The bells rang for 45 minutes at St. Alphonsus Church after the election of a new pope yesterday. A deacon had interrupted the midday mass to whisper into the ear of a priest that a successor to Pope John Paul II had been selected - a prominent conservative cardinal.
The news was met with support at Baltimore's bastion of traditional Catholicism.
"It's not going to change things here," Monsignor Arthur W. Bastress said later at the 205-year-old downtown church, which proudly declares that it is the only one in the city to regularly celebrate the Latin-language Tridentine Mass, described on the church's Web site as "the most beautiful thing this side of Heaven."
Conservative Catholics across the Baltimore area exhaled upon hearing the news that Pope John Paul's successor was the German-born Cardinal Joseph Ratzinger, who took the name Benedict XVI.
For tradition-loving churchgoers, the elevation of the new pope happily portends continued opposition to abortion, resistance to the ordination of women, and the practice of historic rites. That includes the saying of Masses in Latin, a 1,500-year-old practice that was restricted after the Second Vatican Council in the 1960s.
Adherents of the Mass, in which the priest begins with the sign of the cross, then intones, "Introibo ad altare Dei" - "I will go to the altar of God" - say that it unifies the church through a common service. Pope John Paul encouraged the return of the Tridentine Mass.
"I'm a conservative Catholic, and I think the fate of the world depends on a good, conservative Catholic pope," said Kevin Palardy, 50, a former altar boy who was educated in Catholic schools and counts two relatives as priests.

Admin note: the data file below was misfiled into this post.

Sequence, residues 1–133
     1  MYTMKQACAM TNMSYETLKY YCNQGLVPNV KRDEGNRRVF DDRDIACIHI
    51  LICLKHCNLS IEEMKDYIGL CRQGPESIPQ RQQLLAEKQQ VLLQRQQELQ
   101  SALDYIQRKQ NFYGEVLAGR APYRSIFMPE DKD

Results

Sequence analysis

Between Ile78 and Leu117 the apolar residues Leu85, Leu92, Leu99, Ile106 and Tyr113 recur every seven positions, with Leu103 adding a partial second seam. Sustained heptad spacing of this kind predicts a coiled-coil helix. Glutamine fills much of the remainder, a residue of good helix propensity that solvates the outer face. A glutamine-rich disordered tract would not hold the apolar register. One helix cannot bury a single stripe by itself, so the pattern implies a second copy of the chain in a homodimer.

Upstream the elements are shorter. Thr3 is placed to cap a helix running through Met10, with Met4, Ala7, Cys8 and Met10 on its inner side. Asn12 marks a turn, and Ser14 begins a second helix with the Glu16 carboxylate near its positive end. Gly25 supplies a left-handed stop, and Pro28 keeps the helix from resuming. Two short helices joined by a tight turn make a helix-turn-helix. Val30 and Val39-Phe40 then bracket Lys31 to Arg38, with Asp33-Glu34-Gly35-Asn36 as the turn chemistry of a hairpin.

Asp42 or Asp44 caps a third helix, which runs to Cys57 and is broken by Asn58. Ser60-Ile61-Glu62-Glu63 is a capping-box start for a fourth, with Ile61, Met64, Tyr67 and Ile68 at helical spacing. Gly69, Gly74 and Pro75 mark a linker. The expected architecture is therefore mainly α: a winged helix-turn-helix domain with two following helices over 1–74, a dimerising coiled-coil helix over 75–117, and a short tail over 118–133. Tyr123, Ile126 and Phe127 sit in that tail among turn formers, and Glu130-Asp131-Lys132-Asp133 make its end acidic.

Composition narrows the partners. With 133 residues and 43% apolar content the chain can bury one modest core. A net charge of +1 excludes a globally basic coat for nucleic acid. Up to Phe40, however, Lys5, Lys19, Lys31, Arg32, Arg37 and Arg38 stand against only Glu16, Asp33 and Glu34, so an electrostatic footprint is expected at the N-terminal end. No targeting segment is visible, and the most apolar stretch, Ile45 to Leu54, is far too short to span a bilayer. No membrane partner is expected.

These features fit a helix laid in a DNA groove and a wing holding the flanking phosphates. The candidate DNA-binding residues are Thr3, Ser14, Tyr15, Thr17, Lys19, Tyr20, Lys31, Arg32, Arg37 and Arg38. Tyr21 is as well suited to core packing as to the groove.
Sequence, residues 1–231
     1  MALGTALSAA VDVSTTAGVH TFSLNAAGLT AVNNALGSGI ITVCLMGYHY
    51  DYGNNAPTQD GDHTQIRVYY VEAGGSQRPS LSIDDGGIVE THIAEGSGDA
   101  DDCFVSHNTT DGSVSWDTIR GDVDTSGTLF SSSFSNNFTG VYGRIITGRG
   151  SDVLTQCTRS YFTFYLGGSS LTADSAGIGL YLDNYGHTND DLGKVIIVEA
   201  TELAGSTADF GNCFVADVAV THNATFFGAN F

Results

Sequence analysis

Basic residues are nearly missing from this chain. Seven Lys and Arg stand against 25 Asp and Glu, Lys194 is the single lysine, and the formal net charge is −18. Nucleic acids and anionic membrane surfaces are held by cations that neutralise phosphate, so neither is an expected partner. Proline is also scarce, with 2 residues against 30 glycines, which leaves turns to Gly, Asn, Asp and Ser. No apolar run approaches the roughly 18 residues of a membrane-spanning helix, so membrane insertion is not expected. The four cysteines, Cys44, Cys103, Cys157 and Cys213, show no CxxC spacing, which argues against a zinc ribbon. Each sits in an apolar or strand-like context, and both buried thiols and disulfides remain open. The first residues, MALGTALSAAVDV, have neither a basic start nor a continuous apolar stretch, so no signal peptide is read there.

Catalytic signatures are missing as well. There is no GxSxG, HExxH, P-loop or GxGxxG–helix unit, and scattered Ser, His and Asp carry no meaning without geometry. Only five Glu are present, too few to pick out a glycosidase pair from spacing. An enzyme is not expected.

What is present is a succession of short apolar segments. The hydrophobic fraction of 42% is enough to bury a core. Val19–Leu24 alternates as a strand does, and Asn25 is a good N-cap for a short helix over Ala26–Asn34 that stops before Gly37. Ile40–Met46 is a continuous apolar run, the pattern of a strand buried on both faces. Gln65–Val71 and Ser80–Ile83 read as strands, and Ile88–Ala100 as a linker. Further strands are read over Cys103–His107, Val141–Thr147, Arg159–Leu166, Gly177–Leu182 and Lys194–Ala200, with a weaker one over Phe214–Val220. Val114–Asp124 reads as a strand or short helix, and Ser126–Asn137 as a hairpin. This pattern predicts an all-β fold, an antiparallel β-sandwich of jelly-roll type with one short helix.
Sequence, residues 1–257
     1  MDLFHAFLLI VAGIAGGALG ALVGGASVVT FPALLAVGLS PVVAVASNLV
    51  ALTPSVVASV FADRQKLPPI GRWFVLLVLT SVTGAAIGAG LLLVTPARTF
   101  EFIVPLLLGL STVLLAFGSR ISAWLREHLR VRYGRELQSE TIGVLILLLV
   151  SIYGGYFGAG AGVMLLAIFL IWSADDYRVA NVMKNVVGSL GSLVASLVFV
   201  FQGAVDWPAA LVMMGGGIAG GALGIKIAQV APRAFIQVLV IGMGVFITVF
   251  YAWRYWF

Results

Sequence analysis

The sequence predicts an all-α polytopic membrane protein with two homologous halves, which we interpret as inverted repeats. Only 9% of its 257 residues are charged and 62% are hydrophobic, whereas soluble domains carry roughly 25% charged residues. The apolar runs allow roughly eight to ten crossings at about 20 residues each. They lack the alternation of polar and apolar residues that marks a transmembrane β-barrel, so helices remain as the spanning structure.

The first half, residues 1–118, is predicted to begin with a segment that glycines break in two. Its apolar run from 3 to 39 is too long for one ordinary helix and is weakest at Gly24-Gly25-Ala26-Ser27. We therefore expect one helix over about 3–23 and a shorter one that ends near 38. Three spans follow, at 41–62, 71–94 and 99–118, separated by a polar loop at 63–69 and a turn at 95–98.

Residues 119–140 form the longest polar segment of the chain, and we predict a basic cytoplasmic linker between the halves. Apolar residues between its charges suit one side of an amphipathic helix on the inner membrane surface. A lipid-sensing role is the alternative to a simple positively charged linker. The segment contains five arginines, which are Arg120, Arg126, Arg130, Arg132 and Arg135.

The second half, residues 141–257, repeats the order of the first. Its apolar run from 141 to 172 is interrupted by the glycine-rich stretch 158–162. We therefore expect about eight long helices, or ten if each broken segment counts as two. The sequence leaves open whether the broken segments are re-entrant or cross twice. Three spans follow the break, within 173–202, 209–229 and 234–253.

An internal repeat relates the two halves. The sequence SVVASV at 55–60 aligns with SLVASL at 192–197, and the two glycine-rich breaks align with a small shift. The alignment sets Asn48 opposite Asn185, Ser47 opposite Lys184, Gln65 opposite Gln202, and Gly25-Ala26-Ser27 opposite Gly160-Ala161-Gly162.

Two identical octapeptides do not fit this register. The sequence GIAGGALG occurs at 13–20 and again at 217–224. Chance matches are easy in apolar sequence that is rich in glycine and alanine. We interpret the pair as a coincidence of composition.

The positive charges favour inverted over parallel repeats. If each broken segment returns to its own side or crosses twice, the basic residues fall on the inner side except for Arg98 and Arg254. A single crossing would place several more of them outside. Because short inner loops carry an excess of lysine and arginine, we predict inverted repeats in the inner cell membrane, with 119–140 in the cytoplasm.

At St. Ignatius Church in Mount Vernon, Palardy joined 15 parishioners chanting - in Latin - as part of a noonday service. Palardy, from Lutherville, had interrupted the midday mass at the 150-year-old church to announce the sight of white smoke at the Vatican.
He said he hopes that the new pontiff will continue the conservative legacy of his predecessor. "If we got some new guy, then I'd be worried. This is consistent. I'm happy now. I'm reassured."
Joe Wieman, 77, an administrative law judge from Catonsville who is another midday mass regular at St. Ignatius, expressed confidence that the new pope will follow Pope John Paul's lead.
"He preached a culture of life, and I hope the new pope continues that message," Wieman said, adding that he thinks the new pope "won't go astray."
After the half-hour mass at St. Ignatius, the Rev. James Casciotti, the associate pastor who led the service in a basement chapel, doffed his cream robes and left in a hurry for a television set in the building.
Jeannette Cohn of Severna Park learned the news during the noon mass at St. John Neumann in Annapolis yesterday. "Pope John Paul II transformed the world, and we hope the new pope is going to do that, too," said the mother of seven.
Leaving the midday Mass at St. Alphonsus, parishioner John Rutkowski also said he looked for a pontiff who would continue using personal appeals to stoke interest in the church.
"I hope and pray that he is a people person just like the previous pope - and that he keeps strict rules," said Rutkowski, 46, of White Marsh.
Like the new pope, St. Alphonsus has German roots. Founded by a German order known as the Redemptorists, the parish was later taken over by Lithuanian Catholics and now reflects the increasingly multicultural character of the religion, said Monsignor Bastress. Hispanics, Koreans and Caribbean immigrants regularly come to the red-brick church to attend Masses, including the Sunday service in Latin.
After the death of Pope John Paul, Monsignor Bastress said parishioners were interested to learn who would be his replacement. "They were curious ... what he will do," said Bastress, reclining on a couch in the St. Alphonsus offices. "And that remains to be seen."
Sun staff writers Anica Butler and Molly Knight contributed to this article.
In The Pews